# Why RSA must make sure that $\gcd(e,\varphi(n)) = 1$ instead of $\gcd(e,n) = 1$?

By Euler's theorem, if $$\gcd(e,n) = 1$$, then $$e^{\varphi(n)} \equiv 1 \pmod n$$. But why does RSA need to make sure that $$\gcd(e,\varphi(n)) = 1$$?

$$m^{ed} \equiv m^1 \equiv m \pmod n$$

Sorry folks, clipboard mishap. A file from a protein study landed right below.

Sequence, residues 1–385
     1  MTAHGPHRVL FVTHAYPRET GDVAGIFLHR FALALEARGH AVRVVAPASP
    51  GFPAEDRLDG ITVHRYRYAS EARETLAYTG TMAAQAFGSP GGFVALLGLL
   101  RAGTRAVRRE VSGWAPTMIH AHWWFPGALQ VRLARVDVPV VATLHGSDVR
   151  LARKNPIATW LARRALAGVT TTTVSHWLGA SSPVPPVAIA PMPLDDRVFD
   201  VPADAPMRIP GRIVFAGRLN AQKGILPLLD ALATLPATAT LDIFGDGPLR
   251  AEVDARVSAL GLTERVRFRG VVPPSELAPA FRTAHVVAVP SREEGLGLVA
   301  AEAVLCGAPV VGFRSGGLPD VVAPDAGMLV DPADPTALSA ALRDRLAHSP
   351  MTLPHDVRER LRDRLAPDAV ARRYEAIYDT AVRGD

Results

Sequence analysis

But why? Since $$ed \equiv 1 \pmod{\varphi(n)}$$
If $$\gcd(e,d) \neq 1$$ then $$e$$ and $$d$$ are not coprime then $$ed \not \equiv 1 \pmod{\varphi(n)}$$. So $$e$$ must be coprime with $$\varphi(n)$$ to have a modular multiplicative inverse.
Also $$\gcd(e,n)=1$$, since the public key is presented as $$(e,n)$$. Then you trivially can compute a factor of $$n$$ is $$e$$ is not coprime.